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O-19 Eye donation in palliative and hospice care settings: patient views and missed opportunities
  1. Banyana Cecilia Madi-Segwagwe1,
  2. Mike Bracher1,
  3. Michelle Myall1,
  4. Adam Hurlow2,
  5. Christina Faull3,
  6. Clare Rayment4,
  7. Jane Wale5,
  8. Jill Short6,
  9. Sarah Mollart7 and
  10. Tracy Long-Sutehall1
  1. 1University of Southampton, Southampton, UK
  2. 2Leeds Teaching Hospital NHS Trust, Leeds, UK
  3. 3LOROS, Leicester, UK
  4. 4Marie Curie Hospice Bradford, Bradford, UK
  5. 5Milton Keynes University Hospital, Milton Keynes, UK
  6. 6Rowans Hospice, Waterlooville, UK
  7. 7St Nicholas Hospice and West Suffolk Hospital, Bury, UK


Background There is a global shortage of donated eye tissue for use in sight saving and sight restoring operations such as corneal transplantation (Madi-Segwagwe B C, Bracher M, Myall M, et al., 2021). Patients who die in palliative and hospice care settings could potentially donate eye tissue, however, the option of eye donation is not routinely raised in end-of-life planning discussions as health care providers (HCP) are very reluctant to discuss eye donation as they perceive it as something that will distress patients and family members.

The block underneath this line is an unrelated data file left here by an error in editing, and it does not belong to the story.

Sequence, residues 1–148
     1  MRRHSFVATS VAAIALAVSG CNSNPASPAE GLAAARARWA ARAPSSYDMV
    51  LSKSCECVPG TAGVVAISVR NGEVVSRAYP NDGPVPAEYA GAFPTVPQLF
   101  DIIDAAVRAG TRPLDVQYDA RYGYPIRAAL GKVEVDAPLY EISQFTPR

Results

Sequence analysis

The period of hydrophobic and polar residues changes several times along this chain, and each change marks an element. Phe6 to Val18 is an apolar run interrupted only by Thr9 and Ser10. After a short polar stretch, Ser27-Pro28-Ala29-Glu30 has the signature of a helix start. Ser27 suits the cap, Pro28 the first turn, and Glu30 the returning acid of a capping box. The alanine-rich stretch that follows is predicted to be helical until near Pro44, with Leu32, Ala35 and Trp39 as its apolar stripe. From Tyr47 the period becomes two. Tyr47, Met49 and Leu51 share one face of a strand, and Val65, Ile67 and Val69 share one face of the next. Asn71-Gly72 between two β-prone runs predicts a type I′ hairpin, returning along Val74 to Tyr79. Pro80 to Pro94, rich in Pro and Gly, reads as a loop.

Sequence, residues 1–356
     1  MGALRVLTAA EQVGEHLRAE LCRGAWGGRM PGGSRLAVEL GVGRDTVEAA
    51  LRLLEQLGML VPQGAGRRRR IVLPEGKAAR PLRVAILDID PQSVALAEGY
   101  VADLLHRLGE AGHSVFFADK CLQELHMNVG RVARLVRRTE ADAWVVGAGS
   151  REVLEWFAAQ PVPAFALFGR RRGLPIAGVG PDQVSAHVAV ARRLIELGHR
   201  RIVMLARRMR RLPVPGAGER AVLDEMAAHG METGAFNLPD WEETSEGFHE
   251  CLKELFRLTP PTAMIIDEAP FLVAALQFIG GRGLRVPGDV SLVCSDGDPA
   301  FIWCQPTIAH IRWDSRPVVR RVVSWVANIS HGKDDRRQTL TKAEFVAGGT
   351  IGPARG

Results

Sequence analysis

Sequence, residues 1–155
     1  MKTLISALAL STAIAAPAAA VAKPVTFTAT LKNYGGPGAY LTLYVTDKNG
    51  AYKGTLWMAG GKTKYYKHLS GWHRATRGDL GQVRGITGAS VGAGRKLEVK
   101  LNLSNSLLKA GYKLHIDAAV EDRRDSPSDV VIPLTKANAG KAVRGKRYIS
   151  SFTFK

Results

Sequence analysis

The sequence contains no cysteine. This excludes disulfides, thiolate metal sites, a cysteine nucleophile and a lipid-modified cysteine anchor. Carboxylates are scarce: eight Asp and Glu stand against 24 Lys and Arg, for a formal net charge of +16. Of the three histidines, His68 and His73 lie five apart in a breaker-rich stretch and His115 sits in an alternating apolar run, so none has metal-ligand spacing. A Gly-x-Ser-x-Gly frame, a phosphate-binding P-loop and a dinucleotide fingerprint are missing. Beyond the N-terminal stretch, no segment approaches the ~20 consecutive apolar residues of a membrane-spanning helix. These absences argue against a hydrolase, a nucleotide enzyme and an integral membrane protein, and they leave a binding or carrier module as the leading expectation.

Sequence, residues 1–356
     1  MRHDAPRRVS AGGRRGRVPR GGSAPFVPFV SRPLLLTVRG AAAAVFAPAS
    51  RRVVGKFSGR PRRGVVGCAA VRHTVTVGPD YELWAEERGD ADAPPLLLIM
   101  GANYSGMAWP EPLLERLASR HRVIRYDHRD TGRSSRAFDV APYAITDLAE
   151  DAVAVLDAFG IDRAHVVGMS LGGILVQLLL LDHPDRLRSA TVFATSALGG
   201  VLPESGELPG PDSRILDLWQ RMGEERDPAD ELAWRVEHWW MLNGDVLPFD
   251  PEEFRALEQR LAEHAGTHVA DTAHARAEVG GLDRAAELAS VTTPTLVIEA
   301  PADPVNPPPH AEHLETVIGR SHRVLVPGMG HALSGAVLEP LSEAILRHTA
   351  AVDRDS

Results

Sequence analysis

Aim This presentation shares findings regarding the views of patients and carers, including: their feelings and thoughts about the option of eye donation being raised with them, who they think should raise this issue, when this option should be discussed and who should be included in the discussion. Findings are drawn from the NIHR funded national study: Eye Donation from Palliative and Hospice care contexts: investigating Potential, Practice, Preference and Perceptions taking place in three palliative care and three hospice care settings across England (EDiPPPP) and the global literature.

Conclusion In view of data from the Royal National Institute of Blind People (RNIB, 2016) reporting that over two million people in the UK are living with sight loss and their prediction that this figure will double to nearly four million by 2050 it is imperative that anyone who could be, and would want to donate the gift of sight, is offered the opportunity to do so, especially as they approach their end of life.

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